Gerard Manley Hopkins

(28 July 1844 – 8 June 1889 / Stratford, Essex)

Gerard Manley Hopkins Poems

1. Strike, Churl 1/3/2003
2. The Silver Jubilee 1/3/2003
3. St. Alphonsus Rodriguez 1/3/2003
4. The Shepherd’s Brow, Fronting Forked Lightning, Owns 1/3/2003
5. The Half-Way House 11/25/2003
6. The Loss Of The Eurydice 1/3/2003
7. The Handsome Heart 1/3/2003
8. Tom's Garland 1/3/2003
9. To His Watch 1/3/2003
10. The Furl Of Fresh-Leaved Dogrose Down 1/3/2003
11. Penmaen Pool 1/3/2003
12. On The Portrait Of Two Beautiful Young People 1/3/2003
13. The Lantern Out Of Doors 1/3/2003
14. Summa 1/3/2003
15. Ribblesdale 1/3/2003
16. The Times Are Nightfall 1/3/2003
17. The May Magnificat 1/3/2003
18. St. Winefred's Well 1/3/2003
19. What Being In Rank-Old Nature 1/3/2003
20. My Own Heart Let Me Have More Have Pity On; Let 1/13/2003
21. To R.B. 1/3/2003
22. Patience, Hard Thing! The Hard Thing But To Pray 1/13/2003
23. The Sea Took Pity 1/3/2003
24. The Bugler's First Communion 1/3/2003
25. Barnfloor And Winepress 11/25/2003
26. What Shall I Do For The Land That Bred Me 1/3/2003
27. The Sea And The Skylark 1/3/2003
28. Spelt From Sibyl's Leaves 1/3/2003
29. The Soldier 1/3/2003
30. To Him Who Ever Thought With Love Of Me 1/3/2003
31. The Woodlark 1/3/2003
32. Moonrise 1/3/2003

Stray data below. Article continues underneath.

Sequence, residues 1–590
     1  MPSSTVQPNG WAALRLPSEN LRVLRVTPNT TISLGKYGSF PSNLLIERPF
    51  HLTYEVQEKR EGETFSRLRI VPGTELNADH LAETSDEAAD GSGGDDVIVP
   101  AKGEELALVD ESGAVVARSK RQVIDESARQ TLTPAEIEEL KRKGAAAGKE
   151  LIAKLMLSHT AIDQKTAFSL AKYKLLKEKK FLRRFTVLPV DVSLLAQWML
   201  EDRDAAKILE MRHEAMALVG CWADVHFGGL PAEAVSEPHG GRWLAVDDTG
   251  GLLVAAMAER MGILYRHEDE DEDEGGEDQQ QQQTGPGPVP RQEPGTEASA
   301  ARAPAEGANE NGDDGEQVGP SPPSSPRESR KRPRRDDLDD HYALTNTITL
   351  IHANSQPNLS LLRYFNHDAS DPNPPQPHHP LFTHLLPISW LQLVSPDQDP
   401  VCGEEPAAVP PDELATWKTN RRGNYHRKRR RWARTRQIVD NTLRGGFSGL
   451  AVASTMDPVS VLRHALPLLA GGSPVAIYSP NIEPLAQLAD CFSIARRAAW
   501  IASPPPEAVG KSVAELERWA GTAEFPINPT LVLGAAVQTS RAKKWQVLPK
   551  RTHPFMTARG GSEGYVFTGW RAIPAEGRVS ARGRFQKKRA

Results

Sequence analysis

33. To What Serves Mortal Beauty? 1/3/2003
34. To Seem The Stranger Lies My Lot, My Life 1/13/2003
35. In Honour Of St. Alphonsus Rodriguez 1/13/2003
36. Repeat That, Repeat 1/3/2003
37. The Candle Indoors 1/3/2003
38. The Starlight Night 12/31/2002
39. Cheery Beggar 1/3/2003
40. Ash-Boughs 1/3/2003
Best Poem of Gerard Manley Hopkins

Heaven-Haven

I have desired to go
Where springs not fail,
To fields where flies no sharp and sided hail,
And a few lilies blow.

And I have asked to be
Where no storms come,
Where the green swell is in the havens dumb,
And out of the swing of the sea.

Read the full of Heaven-Haven

The Lantern Out Of Doors

Sometimes a lantern moves along the night,
That interests our eyes. And who goes there?
I think; where from and bound, I wonder, where,
With, all down darkness wide, his wading light?

Men go by me whom either beauty bright
In mould or mind or what not else makes rare:
They rain against our much-thick and marsh air
Rich beams, till death or distance buys them quite.

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